Course Archive: 2015-2016

 

Autumn 2015 | Spring 2016

Autumn 2015

 

Undergraduate Courses

Introduction to Folklore -English 2270/Comparative Studies 2350
Instructor TBA
MoWeFr 10:20AM - 11:15AM Denney Hall 250  
GE Cultures and Ideas
# 32881/ # 32904
A general study of the field of folklore including basic approaches and a survey of primary folk materials: folktales, legends, folksongs, ballads, and folk beliefs.

Prereq: English 1110 (110) or equiv. Not open to students with credit for English 2270 (270), or 2350H. GE cultures and ideas course. Cross-listed in English 2270.

Introduction to Folklore  (Honors) - English 2270H/ Comparative Studies 2350H
Dr. Dorothy Noyes
TuTh 2:20PM - 3:40PM  Denney Hall 268  
GE Cultures and Ideas, Honors Course  
#32878/ #32905

Folklore is the culture that people make for themselves. Not all of us are specialists, but all of us tell stories, shape our environments, cultivate communities, and take care of our souls and our bodies. The forms of folklore circulate from person to person and group to group, adapting to every change of situation; they lend themselves to a wide array of social purposes. We'll look at a range of genres from both US and international settings: folktales, legends, jokes, song and dance, religious and holiday custom, foodways, craft, and domestic art. You’ll conduct a small field project of your choice and learn the basics of these folkloristic skills:

  • Interpreting culture. Learn how to “read” a wide variety of cultural messages according to their own conventions and in their social context.
  • Field observation and ethnography. Learn how to size up an unfamiliar situation, participate in it appropriately, and describe it in writing.
  • Interviewing and rigorous listening. Learn how to understand what someone is telling you without imposing your own agenda on the conversation.
  • Understanding diversity. Learn how communities in the US and internationally develop distinctive forms of expression that can foster strong identities, exercise social control, provoke conflict, and build bridges.
  • Connecting vernacular and codified expression. Learn about the interchanges and miscommunications among communities, professionals, and institutions.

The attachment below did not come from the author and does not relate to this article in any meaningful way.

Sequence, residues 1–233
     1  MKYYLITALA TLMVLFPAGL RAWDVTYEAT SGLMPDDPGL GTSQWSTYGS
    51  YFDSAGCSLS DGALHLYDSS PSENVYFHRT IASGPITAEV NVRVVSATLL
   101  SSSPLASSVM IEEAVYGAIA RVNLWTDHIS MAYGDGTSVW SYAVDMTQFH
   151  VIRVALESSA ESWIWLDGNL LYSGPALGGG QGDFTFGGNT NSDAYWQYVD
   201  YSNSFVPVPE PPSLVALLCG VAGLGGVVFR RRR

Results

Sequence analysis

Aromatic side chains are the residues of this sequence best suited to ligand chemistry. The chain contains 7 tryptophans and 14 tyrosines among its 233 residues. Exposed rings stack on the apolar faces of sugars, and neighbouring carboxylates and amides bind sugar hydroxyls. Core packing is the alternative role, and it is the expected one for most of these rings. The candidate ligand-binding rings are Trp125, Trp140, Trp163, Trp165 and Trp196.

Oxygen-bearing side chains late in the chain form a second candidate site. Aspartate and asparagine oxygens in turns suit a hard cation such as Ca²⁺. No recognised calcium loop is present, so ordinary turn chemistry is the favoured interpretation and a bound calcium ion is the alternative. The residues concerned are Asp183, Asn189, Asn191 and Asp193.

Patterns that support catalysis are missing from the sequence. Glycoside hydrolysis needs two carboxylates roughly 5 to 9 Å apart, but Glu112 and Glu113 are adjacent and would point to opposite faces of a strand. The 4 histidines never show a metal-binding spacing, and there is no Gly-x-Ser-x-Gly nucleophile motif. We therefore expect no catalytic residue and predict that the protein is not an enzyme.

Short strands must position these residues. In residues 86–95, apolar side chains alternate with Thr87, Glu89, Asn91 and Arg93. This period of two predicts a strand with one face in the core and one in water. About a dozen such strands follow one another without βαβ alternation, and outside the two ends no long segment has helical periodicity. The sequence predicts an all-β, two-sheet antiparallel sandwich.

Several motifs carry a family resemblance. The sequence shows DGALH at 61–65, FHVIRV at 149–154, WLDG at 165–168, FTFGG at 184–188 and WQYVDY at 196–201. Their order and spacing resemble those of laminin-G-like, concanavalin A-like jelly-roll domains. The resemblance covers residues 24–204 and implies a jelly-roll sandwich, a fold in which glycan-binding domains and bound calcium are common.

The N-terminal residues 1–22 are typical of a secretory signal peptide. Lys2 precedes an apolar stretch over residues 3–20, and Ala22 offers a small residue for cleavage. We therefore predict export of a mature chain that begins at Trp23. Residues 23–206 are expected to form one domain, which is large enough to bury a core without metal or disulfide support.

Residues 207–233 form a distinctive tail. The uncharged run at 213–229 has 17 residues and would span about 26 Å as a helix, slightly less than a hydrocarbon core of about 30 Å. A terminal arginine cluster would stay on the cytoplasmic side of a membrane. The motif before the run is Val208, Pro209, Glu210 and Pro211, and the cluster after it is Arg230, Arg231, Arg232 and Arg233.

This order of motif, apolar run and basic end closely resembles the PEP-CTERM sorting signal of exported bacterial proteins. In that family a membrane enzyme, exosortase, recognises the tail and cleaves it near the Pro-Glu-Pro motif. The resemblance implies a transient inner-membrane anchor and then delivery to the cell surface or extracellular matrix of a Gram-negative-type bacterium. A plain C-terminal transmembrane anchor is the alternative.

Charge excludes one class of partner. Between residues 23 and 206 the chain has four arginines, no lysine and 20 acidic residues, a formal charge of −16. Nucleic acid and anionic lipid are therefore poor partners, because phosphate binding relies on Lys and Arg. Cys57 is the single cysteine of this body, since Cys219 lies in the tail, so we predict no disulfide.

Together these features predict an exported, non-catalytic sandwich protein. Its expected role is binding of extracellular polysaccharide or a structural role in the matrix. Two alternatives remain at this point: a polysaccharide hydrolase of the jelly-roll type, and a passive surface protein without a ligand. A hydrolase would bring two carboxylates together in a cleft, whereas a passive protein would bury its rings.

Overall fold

Prereq: Honors standing, and English 1110 (110) or equiv. Not open to students with credit for CompStd 2350, English 2270 (270), or 2270H.

The U.S. Folk Experience- English 2367.05
Instructor- TBA
WeFr 9:35AM - 10:55AM  Denney Hall 245  
GE Diversity: Social Diversity in the US
GE Writing and Communication: level 2
#15559

Concepts of American folklore & ethnography; folk groups, tradition, & fieldwork methodology; how these contribute to the development of critical reading, writing, & thinking skills. Only one 2367 (367) decimal subdivision may be taken for credit.

Prereq: 1110.01 (110.01) or equiv, and Soph standing; or EM credit for 1110.01 (110.01) or equiv; or a declared major in English. Not open to students with credit for 2367.01 (367.01), 210, 267, 267H, 301, 303, or equiv.

Vampires, Monstrosity, and Evil: From Slavic Myth to Twilight- Slavic 2230
Dr. Daniel Collins  
MoWeFr 1:50PM - 2:45PM  Caldwell Lab 120  
GE Cultures and Ideas. GE Diversity: Global Studies.
#20478

Changing approaches to evil as embodied in vampires in East European folk belief & European & American pop culture; function of vampire & monster tales in cultural context, including peasant world & West from Enlightenment to now.  Taught in English.
 
Prereq: Not open to students with credit for 130.

Norse Mythology and Medieval Culture- Scandinavian 3350
Dr. Merrill Kaplan
TuTh 9:35AM - 10:55AM  Ramseyer Hall 100
GE Literature.GE Diversity: Global Studies
# 23841
 
What do we know about Thor and Odin, and how do we know it? This course examines the myths of the Old Norse gods and the sources in which those myths are recorded. Students will gain insight into the world view and beliefs of the pagan North by reading (in English translation) the most important textual sources on Scandinavia's pre-Christian mythology. Placename, archaeological, and other evidence will also be discussed. Students intrigued by the Viking Age, medieval Northern Europe, or the interpretation of myth will find much of interest.